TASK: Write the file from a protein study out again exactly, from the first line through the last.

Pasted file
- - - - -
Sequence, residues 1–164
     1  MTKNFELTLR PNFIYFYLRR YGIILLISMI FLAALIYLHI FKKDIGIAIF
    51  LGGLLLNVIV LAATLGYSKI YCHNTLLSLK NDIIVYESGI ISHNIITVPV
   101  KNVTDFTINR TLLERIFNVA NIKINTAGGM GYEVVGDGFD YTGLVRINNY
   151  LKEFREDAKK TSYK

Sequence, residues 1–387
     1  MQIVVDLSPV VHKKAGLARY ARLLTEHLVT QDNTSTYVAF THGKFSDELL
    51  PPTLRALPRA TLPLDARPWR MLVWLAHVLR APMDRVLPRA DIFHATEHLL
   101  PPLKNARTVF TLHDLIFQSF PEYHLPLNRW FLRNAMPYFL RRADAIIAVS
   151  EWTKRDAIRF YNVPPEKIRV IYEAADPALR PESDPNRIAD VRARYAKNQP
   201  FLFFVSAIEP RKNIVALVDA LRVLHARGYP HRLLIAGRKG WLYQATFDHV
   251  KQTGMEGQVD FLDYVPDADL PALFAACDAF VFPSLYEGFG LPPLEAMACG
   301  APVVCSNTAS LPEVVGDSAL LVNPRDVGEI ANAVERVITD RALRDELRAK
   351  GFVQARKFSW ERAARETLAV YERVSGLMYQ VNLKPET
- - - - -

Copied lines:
Sequence, residues 1–164
     1  MTKNFELTLR PNFIYFYLRR YGIILLISMI FLAALIYLHI FKKDIGIAIF
    51  LGGLLLNVIV LAATLGYSKI YCHNTLLSLK NDIIVYESGI ISHNIITVPV
   101  KNVTDFTINR TLLERIFNVA NIKINTAGGM GYEVVGDGFD YTGLVRINNY
   151  LKEFREDAKK TSYK

Sequence, residues 1–387
     1  MQIVVDLSPV VHKKAGLARY ARLLTEHLVT QDNTSTYVAF THGKFSDELL
    51  PPTLRALPRA TLPLDARPWR MLVWLAHVLR APMDRVLPRA DIFHATEHLL
   101  PPLKNARTVF TLHDLIFQSF PEYHLPLNRW FLRNAMPYFL RRADAIIAVS
   151  EWTKRDAIRF YNVPPEKIRV IYEAADPALR PESDPNRIAD VRARYAKNQP
   201  FLFFVSAIEP RKNIVALVDA LRVLHARGYP HRLLIAGRKG WLYQATFDHV
   251  KQTGMEGQVD FLDYVPDADL PALFAACDAF VFPSLYEGFG LPPLEAMACG
   301  APVVCSNTAS LPEVVGDSAL LVNPRDVGEI ANAVERVITD RALRDELRAK
   351  GFVQARKFSW ERAARETLAV YERVSGLMYQ VNLKPET